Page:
The specificity of STIR for perianal fistula in our study was lower as compared to the one reported by the other study [17]. However, another study utilizing the endoanal coil demonstrated the specificity that was comparable to our study [19]. According to another study, STIR and fat-suppressed T2-weighted images are sufficient to diagnose perianal fistula; however, classification on STIR is better due to the fact that delineation of pelvic floor musculature is easier [18]. Moreover, the authors of the study also suggest that T1-weighted images have generally no contribution in diagnosing perianal fistula [18]. The positive and negative predictive values of STIR were also reported high in our study.

Our study was not without certain limitations. Firstly, a major limitation of our study was that we did not determine the sensitivity and specificity of STIR for diagnosing internal opening. Secondly, our study was done on the small sample size and was a single-institution study. Another limitation of our study was that the interobserver and intraobserver agreement was not calculated. Observer agreement forms an important part of radiological imaging and it can help in a better understanding of the imaging technique. Therefore, it is recommended that multicentric studies on a larger sample size should be carried out in our population to evaluate the interobserver agreement and diagnostic accuracy including sensitivity and specificity for identifying the internal opening of perianal fistula.

Conclusions

STIR has high sensitivity and diagnostic accuracy in diagnosing in the perianal fistula. Utilizing this sequence as a limited protocol in a developing country can help improve patient care by accurately diagnosing perianal fistulae. Moreover, it is recommended that further studies for identifying internal opening on STIR should also be carried out to improve patient care.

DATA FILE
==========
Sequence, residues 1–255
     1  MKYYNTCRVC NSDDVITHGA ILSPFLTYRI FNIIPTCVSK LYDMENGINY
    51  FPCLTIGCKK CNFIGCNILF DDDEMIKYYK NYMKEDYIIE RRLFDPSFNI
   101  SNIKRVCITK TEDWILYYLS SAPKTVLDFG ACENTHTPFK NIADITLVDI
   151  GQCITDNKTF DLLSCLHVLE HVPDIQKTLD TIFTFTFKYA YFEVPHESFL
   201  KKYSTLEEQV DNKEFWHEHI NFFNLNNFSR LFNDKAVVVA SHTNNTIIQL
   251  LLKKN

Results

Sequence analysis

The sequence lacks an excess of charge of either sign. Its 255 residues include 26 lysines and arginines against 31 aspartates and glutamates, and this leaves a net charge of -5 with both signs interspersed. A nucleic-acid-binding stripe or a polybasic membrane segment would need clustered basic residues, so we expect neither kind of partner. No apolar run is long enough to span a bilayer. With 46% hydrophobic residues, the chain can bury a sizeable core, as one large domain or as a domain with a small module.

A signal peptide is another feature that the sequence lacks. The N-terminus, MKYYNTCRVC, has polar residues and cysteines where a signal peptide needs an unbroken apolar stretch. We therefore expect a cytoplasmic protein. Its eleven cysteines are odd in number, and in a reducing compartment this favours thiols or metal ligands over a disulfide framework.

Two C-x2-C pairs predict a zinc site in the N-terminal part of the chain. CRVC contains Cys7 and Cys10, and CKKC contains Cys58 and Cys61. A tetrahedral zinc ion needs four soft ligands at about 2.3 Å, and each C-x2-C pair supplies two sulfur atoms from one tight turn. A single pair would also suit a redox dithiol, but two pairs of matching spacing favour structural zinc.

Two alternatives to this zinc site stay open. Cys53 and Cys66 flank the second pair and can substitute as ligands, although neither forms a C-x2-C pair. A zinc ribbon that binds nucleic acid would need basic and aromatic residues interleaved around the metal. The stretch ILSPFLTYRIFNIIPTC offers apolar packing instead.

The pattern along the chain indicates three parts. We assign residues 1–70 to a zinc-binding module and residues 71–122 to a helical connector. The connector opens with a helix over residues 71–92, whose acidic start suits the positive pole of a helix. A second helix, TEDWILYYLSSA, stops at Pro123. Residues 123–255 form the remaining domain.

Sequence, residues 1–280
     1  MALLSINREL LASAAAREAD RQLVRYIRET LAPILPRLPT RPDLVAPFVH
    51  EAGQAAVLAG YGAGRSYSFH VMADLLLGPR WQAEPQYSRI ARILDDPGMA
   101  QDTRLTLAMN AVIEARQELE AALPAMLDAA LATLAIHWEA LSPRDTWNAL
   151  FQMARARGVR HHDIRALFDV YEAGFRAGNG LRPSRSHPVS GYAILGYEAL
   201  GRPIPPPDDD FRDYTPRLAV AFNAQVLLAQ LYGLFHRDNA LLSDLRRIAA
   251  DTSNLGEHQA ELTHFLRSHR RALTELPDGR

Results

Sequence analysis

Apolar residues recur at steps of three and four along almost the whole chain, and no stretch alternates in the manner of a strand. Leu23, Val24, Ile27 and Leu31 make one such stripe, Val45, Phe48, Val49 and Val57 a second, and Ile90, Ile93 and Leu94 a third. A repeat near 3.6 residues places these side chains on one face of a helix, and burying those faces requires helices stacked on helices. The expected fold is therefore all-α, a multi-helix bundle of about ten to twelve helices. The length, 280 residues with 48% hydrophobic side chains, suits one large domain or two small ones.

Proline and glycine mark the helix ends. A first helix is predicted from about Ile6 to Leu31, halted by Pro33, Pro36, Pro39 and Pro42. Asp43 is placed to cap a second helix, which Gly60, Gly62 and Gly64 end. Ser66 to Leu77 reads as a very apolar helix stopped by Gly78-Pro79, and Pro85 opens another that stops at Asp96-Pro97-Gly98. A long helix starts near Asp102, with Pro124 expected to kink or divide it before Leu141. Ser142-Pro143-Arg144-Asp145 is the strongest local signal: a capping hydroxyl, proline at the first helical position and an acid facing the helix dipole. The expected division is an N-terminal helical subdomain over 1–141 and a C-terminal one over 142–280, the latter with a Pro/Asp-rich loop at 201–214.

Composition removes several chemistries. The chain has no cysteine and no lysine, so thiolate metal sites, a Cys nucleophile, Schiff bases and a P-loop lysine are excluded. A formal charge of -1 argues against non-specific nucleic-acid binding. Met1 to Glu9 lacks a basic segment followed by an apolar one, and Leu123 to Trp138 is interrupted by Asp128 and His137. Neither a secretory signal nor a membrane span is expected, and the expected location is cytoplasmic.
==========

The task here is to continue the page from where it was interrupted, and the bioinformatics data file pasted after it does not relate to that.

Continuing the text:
References

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Original article
peer-reviewed

Diagnostic Accuracy of Short Tau Inversion Recovery as a Limited Protocol for Diagnosing Perianal Fistula


Author Information

Naila Jabeen Corresponding Author

Radiology, Dow University of Health Sciences, Karachi, PAK

Ruby Qureshi

Radiology, Dow University of Health Sciences, Karachi, PAK

Radiology, Dow University of Health Sciences, Karachi, PAK

Amjad Sattar

Radiology, Dow University of Health Sciences, Karachi, PAK

Musarat Baloch

Internal Medicine, Liaquat University of Medical and Health Sciences, Jamshoro, PAK


Ethics Statement and Conflict of Interest Disclosures

Human subjects: Consent was obtained by all participants in this study. Animal subjects: All authors have confirmed that this study did not involve animal subjects or tissue. Conflicts of interest: In compliance with the ICMJE uniform disclosure form, all authors declare the following: Payment/services info: All authors have declared that no financial support was received from any organization for the submitted work. Financial relationships: All authors have declared that they have no financial relationships at present or within the previous three years with any organizations that might have an interest in the submitted work. Other relationships: All authors have declared that there are no other relationships or activities that could appear to have influenced the submitted work.


Original article
peer-reviewed

Diagnostic Accuracy of Short Tau Inversion Recovery as a Limited Protocol for Diagnosing Perianal Fistula